Addiction during the holidays: Recovered or not, it’s important to be prepared

by Adi Jaffe


The holidays are a stressful time for everyone. Between gift-giving, travel, and keeping up with all parts of the ever-complicated modern family unit, nearly anyone can find themselves driven towards the nearest coping mechanism, whatever that may be. However, for recovering addicts, or those still struggling with an active addiction, the holidays can be a particularly troubling season that can invite a destructive relapse. As with all mental and physical health issues, education and awareness are a powerful first line of defense. By going over some of the most frequently asked questions about addiction and the holidays, we can attempt to shed some light on these issues for addicts and their families to help combat them before, not after, they become bigger problems (like a relapse).

Why Are The Holidays So Difficult For Addicts?

Obviously, as just mentioned, the pressures of the holidays are difficult for everyone. But for addicts, these same issues of money, family and general stress are amplified, often because they are the same age-old issues that lie at the root of the addiction and the beginning of drug use and abuse in the first place. If the recovering addict has not had the opportunity to openly confront family issues in the past, either with the family itself or with a therapist or counselor, the potential for relapse can be great. A vast amount of research shows how stress can bring even long-dormant behavior back to the surface, which should serve as a warning to substance and behavioral addicts alike (like sex addicts or compulsive gamblers). On the other end of the spectrum, addicts without a stable family or group of friends are often left feeling alone and isolated during the holidays, another powerful source of the shame and boredom that can drive addictive behavior.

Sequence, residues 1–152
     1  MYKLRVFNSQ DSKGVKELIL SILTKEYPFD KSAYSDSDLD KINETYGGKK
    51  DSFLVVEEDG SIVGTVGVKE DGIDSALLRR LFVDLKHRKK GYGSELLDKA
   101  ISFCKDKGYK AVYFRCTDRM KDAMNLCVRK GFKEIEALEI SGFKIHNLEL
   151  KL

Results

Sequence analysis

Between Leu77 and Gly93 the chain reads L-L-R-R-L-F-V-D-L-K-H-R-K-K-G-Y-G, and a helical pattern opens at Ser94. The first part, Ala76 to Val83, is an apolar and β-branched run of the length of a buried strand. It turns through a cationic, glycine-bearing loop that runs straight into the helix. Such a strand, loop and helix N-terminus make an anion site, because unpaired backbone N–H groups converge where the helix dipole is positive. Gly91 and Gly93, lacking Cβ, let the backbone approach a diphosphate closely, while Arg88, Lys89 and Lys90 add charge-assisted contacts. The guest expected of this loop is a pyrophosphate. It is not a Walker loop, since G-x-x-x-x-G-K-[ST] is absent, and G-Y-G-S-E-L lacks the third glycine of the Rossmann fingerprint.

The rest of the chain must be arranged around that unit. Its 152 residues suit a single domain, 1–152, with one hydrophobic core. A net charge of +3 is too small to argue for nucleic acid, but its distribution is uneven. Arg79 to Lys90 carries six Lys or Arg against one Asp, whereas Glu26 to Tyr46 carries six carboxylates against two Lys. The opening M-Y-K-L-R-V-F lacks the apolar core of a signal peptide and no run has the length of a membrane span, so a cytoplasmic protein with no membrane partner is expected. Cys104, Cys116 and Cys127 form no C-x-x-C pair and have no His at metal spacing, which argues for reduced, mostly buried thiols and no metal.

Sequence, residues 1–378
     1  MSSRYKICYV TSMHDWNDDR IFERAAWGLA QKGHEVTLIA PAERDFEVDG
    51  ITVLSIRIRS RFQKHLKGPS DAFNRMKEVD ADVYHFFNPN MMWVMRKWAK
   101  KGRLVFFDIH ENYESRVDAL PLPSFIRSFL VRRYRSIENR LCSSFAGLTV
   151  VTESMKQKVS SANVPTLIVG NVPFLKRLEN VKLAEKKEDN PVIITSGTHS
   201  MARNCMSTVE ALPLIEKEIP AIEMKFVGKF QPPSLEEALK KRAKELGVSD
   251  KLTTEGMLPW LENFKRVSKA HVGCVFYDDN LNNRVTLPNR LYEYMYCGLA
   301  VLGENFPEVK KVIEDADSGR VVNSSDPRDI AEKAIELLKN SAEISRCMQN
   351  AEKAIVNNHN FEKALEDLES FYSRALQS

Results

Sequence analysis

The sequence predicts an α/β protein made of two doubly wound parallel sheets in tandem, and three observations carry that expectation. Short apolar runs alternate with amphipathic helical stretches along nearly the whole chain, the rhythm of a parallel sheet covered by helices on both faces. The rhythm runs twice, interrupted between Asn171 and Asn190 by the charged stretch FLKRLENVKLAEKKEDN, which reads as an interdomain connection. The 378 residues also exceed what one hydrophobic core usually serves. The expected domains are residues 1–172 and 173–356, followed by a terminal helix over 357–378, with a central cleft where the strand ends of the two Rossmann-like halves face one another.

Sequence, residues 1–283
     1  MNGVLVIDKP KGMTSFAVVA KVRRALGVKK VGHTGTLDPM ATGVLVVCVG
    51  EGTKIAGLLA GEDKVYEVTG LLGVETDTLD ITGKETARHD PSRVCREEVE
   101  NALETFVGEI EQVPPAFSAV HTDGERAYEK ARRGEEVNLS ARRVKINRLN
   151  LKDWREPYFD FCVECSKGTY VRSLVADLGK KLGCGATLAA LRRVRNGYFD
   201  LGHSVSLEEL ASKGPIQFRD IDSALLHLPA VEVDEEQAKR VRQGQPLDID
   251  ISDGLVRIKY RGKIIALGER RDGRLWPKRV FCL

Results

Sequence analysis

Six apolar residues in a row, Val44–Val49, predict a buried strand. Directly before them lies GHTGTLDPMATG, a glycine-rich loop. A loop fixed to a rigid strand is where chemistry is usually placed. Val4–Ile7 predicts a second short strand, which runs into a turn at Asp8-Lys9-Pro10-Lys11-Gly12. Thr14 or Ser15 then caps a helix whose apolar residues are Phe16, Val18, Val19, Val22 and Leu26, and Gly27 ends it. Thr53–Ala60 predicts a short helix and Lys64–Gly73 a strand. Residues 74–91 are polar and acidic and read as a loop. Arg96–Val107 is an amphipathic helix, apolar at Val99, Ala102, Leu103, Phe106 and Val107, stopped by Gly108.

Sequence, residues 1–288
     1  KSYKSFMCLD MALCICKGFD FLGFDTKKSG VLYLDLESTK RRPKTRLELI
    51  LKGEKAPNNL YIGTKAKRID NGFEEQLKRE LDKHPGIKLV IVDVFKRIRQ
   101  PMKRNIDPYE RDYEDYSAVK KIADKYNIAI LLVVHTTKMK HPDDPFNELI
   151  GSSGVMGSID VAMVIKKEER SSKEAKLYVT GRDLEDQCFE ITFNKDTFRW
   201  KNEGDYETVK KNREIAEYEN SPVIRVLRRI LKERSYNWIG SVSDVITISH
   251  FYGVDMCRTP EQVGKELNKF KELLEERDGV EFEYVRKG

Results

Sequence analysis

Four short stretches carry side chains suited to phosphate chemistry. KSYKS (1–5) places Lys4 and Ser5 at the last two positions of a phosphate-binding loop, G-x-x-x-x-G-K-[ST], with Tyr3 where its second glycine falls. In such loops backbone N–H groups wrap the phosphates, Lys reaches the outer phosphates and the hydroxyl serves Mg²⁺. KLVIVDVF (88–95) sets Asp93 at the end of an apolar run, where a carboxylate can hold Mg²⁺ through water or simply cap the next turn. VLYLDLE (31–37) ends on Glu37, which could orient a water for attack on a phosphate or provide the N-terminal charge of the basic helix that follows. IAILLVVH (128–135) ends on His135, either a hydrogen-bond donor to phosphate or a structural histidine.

What Are Some Of  The Hidden Struggles That Can Intensify Addiction/Trigger A Relapse?

Most often, these struggles emerge from one of two likely scenarios. In the event of a still active addiction, attempts to hide the problem from friends and family and the resulting stress can, paradoxically, intensify the addictive behavior. And whether the addiction has been treated or not, gathering with family in a familiar place can frequently cause someone to face many of the underlying issues that can be the root causes of a drug addiction or compulsive behavior. To paraphrase Tolstoy, all unhappy families are unhappy in their own unique way, and whether one’s particular family is overly judgmental, enabling, angry, or whatever else, it can serve to restart self-destructive patterns of behavior. For some recovering addicts, there may be a family-imposed secrecy around the recovery itself, which can be trying at a time when the whole family is gathering, ostensibly to celebrate one another. Even the house (including the room where an addict used to act out) and certain family members (like that cousin they used to smoke weed with) can be important cues that may re-trigger cravings and old behavioral patterns. Additionally and importantly, if there is a family history of any kind of past abuse, this can obviously serve as a particularly powerful and insidious trigger for addicts, whether recovering or not. In fact, recent research suggests that these old, root stimuli may be much more powerful for drug addicts than re-experiencing the drug itself.